Keep Your Heart Healthy!

Did You Know? Heart disease is the leading cause of death for both men and women; each year, about 715,000 Americans have a heart attack and 600,000 die from heart disease. Heart disease is responsible for 1 in 4 American deaths each year.

The good news is that heart disease is preventable and controllable. A number of lifestyle changes can help you prevent or control heart disease.

  • Eat a healthy diet – eating foods low in saturated fat, trans fat, and cholesterol and high in fiber can help prevent high cholesterol. Limiting salt or sodium in your diet can also lower your blood pressure.
  • Maintain a healthy weight – being overweight or obese can increase your risk for heart disease.
  • Exercise regularly – physical activity can help you maintain a healthy weight and lower cholesterol and blood pressure. The Surgeon General recommends that adults should engage in moderate-intensity exercise for at least 30 minutes most days of the week. Two 15 minute chunks have just as much benefit as one 30 minute session.
  • Monitor your blood pressure and cholesterol levels – high blood pressure often has no symptoms; you should have it checked on a regular basis. Your cholesterol levels should be checked at least once every five years. CCHD offers cholesterol checks; call 454-6950 and ask to speak with a Public Health Nurse.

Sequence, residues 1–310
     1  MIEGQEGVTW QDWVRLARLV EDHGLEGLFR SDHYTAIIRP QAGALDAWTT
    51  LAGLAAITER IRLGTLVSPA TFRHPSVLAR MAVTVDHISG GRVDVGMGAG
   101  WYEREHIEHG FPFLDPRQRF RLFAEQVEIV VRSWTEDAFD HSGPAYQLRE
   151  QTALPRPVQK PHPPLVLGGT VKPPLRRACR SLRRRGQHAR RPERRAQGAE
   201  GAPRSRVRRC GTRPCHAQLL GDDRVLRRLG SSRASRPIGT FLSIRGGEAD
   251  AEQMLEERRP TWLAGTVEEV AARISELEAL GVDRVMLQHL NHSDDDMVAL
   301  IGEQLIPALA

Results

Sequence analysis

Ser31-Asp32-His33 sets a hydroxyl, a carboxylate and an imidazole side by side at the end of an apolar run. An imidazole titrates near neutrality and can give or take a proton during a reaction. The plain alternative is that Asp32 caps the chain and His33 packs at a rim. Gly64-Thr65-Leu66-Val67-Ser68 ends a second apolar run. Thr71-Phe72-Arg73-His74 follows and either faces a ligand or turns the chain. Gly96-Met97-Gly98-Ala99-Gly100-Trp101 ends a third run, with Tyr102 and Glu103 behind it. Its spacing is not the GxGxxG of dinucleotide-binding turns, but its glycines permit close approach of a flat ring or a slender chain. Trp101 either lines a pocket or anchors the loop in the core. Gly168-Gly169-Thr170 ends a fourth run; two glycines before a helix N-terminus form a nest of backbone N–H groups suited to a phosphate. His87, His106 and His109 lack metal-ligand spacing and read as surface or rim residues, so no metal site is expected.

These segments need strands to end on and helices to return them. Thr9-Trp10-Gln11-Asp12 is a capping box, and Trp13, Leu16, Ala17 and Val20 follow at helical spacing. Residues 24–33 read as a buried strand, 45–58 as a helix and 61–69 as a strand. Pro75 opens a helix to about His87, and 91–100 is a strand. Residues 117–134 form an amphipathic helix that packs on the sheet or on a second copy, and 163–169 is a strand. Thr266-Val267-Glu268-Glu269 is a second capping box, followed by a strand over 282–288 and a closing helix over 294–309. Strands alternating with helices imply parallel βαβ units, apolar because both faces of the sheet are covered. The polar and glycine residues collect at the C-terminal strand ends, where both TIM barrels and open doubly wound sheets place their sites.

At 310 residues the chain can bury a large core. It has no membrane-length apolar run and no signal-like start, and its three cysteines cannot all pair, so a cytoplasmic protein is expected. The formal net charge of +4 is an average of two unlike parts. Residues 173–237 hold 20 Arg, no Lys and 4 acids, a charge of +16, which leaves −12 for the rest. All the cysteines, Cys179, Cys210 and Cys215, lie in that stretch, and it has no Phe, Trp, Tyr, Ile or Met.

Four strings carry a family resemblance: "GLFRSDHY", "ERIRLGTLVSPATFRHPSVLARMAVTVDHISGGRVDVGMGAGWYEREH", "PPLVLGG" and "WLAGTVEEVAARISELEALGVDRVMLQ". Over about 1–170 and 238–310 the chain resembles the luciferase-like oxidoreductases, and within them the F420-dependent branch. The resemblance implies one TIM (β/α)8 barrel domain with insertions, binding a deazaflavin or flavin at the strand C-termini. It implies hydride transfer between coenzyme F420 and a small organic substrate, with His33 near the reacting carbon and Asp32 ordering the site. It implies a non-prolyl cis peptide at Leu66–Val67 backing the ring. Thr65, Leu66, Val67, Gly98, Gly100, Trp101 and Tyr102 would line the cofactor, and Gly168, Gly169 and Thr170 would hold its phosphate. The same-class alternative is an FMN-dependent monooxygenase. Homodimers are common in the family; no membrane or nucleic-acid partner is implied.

• Don’t smoke – cigarette smoking greatly increases your risk for heart disease. If you don’t smoke, don’t start; if you do, quit as soon as possible.
  • Limit alcohol intake – drinking too much alcohol can increase your blood pressure. Men should have no more than two drinks per day, and women no more than one.

Cardiovascular disease, including heart disease and stroke, costs the United States $312.6 billion each year. This includes the cost of health care services, medications, and lost productivity. These conditions are also leading causes of disability, preventing Americans from working, recreating, and enjoying time with their family and friends. Some lifestyle changes can help you get on the path to a future free of heart disease!

For more information, visit www.cdc.gov.